Our main course of pan-seared sea bass with garum (fermented Greek fish sauce similar to our patis) and mandarin was a lick-your-plate-clean stunner, cooked to perfection with an ultra-crisp crust made of crushed walnuts.

“We want slow food to come back, but without the wait,” explains Joyce — “slow” meaning prepared by hand without waiting long for the food to arrive, because chef Raye prepares everything beforehand.

Even condiments are handcrafted. Chef Raye is a big fan of pickling and preserving: “We make a homemade preserved tuna with warm potatoes and garlic confit,” bottled for extra pungency. “Here we do the pickles (using okra), the lemons are preserved, the ricotta, chili butter, mustard, compote, marmalade — even the tomato sauce!”

The butter is churned in-house, and they make their own ice cream (“like a glacé with egg white,” explains the chef, beaten by hand, then made into a sandwich and placed in the freezer). All the breads (grissini, ciabatta) are likewise kneaded by hand.

Cream of the crop: Budino crème caramel with Amaretti cookies

Q: What’s for dessert?

A: Glance at Q&A’s array of sweets, and a handmade meringue pops out: called Tetons de Venus, it’s so named because the desserts resemble small boobies in the famous Botticelli painting, which Raye perfumes with orange blossom and tops with coffee beans for nipples. (Scott said they were so good, he couldn’t stop at one; he had to have a pair.)

All the desserts are worth talking about, from the homemade Amaretti cookies to the Budino-like crème caramel (made with salted caramel and whipped cream), to the double-chocolate ice cream sandwich with different layers of chocolate (dark choco ice cream, cacao nibs and bitter Belgian chocolate) with apricot jam on the side that reminded Scott of the Italian ice cream sandwiches he had as a kid.

Culinary-wise chef Raye is not afraid to go outside the box, mixing savory with sweet in his lemon-curd sesame-seed ice cream sandwich, which has grilled fennel on top and a touch of Maldon sea salt balancing out the tart ice cream and sweet cherry compote. It’s different but a must for the epicurious: try all the components in one bite to fully enjoy.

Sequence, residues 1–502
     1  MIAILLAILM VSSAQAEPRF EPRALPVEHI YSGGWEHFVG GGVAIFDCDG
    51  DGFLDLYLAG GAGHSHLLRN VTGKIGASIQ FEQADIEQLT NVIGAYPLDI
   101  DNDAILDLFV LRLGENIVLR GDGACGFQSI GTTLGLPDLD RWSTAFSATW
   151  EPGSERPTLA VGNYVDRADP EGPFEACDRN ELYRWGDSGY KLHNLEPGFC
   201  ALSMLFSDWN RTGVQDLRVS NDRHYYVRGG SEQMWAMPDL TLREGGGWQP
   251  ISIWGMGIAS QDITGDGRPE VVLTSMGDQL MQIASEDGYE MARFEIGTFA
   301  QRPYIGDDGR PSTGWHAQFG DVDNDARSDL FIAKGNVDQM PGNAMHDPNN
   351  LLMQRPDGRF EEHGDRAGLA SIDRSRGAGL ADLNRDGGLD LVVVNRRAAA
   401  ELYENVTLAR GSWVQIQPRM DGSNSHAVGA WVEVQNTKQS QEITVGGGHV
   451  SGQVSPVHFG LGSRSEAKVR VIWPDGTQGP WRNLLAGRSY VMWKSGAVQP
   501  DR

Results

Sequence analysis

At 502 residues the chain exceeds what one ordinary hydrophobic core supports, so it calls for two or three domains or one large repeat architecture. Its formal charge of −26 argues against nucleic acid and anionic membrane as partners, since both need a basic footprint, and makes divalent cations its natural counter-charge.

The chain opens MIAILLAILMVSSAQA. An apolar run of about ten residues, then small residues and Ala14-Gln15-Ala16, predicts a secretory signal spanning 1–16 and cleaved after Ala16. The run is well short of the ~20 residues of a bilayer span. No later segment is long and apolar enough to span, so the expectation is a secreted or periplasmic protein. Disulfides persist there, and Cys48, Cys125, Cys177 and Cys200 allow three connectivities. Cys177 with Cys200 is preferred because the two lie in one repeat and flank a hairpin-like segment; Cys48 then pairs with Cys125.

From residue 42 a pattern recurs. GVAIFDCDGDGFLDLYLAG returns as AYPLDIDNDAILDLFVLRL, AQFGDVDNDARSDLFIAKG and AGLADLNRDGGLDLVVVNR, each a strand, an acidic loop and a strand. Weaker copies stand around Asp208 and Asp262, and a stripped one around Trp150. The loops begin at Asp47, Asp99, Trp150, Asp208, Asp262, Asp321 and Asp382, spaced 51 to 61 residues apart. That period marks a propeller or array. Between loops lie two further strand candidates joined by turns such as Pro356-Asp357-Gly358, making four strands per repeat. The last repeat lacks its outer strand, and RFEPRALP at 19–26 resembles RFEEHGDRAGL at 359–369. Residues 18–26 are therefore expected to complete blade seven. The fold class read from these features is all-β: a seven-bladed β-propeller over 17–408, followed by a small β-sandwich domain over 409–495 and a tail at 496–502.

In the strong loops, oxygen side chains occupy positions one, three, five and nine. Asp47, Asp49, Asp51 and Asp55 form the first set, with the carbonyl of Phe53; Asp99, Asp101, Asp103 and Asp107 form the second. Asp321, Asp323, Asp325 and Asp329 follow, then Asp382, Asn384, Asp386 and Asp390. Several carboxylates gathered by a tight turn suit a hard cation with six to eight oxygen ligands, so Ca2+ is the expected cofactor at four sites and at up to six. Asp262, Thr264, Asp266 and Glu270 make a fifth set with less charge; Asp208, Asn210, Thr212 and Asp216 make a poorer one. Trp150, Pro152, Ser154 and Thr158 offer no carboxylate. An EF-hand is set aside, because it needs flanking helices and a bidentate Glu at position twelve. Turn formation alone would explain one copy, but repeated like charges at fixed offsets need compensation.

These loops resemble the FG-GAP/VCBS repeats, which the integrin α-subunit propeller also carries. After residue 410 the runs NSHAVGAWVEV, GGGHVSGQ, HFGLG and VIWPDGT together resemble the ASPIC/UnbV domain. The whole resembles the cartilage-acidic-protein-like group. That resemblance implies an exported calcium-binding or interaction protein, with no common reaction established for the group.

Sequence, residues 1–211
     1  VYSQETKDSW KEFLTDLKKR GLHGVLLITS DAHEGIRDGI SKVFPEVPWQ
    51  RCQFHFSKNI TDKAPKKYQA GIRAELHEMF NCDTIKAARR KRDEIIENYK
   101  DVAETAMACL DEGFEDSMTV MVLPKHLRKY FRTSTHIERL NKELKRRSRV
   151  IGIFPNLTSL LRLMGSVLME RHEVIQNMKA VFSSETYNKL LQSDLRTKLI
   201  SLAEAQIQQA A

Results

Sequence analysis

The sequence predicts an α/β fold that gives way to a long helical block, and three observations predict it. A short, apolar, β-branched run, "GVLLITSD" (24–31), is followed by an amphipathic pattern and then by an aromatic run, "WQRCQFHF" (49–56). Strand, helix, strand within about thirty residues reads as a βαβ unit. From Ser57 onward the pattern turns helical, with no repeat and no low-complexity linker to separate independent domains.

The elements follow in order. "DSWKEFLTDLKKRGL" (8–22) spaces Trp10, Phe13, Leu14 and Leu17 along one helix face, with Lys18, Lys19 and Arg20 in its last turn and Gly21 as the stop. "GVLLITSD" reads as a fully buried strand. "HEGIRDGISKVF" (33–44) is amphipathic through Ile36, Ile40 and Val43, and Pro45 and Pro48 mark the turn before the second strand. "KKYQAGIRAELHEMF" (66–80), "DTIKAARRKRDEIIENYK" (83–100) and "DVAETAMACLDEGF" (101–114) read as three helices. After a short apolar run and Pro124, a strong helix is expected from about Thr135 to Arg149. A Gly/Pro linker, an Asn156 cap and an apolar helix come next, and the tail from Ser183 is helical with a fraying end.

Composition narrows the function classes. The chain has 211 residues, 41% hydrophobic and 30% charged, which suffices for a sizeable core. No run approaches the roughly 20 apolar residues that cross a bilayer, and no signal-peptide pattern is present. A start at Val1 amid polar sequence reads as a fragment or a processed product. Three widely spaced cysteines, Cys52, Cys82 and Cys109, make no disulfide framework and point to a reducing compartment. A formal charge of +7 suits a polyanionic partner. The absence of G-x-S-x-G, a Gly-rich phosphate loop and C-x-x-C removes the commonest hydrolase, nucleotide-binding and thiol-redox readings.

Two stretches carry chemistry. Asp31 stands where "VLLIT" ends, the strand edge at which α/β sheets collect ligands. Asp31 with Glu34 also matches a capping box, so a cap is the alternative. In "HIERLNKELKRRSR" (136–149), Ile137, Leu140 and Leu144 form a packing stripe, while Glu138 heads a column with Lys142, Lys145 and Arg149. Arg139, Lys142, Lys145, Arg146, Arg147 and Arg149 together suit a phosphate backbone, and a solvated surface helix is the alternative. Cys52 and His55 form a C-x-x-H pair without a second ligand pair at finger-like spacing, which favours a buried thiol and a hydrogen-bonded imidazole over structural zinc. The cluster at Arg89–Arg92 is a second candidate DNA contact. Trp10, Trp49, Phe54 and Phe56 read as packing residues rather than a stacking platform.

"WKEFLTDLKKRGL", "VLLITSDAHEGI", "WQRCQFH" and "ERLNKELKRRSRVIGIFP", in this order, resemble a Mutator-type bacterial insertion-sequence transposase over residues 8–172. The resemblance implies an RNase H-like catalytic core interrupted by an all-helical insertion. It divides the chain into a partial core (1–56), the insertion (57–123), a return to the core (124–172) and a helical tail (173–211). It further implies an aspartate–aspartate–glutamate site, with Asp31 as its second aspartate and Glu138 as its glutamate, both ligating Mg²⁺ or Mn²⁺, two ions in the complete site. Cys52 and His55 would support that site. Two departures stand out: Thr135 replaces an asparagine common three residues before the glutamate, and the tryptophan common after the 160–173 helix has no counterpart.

Seafood stunner: Pan-seared sea bass with garum and mandarin

Q: Why the location?

A: “It’s a little bit hidden, like a destination,” says Joyce. Inside, the feeling is “comfy and very cozy.” Next door is the Q&A bar, also bespoke in design, which should make a very worthy addition to Makati’s hidden cache of speakeasies.

Artful atmosphere: Q&A’s open kitchen is lit like a Hopper painting.

Q: Why go to Q&A?

A: This new kitchen/bar is a must-visit because in today’s fast-food world it’s a bit of an anomaly — a modern throwback that urges diners to take it slow, settle into a booth or table and order dishes that are lovingly prepared by hand. Joyce herself painstakingly selected the assortment of crockery it’s plated on.

If the surrounding buildings weren’t a reminder you were in the middle of the CBD, you’d almost think you were in a bistro in France presided over by a paternal chef-patron whose hand is in everything — literally.

Michelin-quality food at reasonable prices? That’s always a surefire way to get people talking.

Ballsy moves: Eric Paras designed the quirky furniture, which boast table legs with balls.

*   *   *

Q&A kitchen + bar, currently open for dinner only, will start serving lunch on Nov. 2. Q&A is located at Unit 2D, second floor, ACCM Building, 102 San Agustin Street, Salcedo Village, Makati City. Call 624-4388 or 0917-859-5678 to reserve. Visit for more information.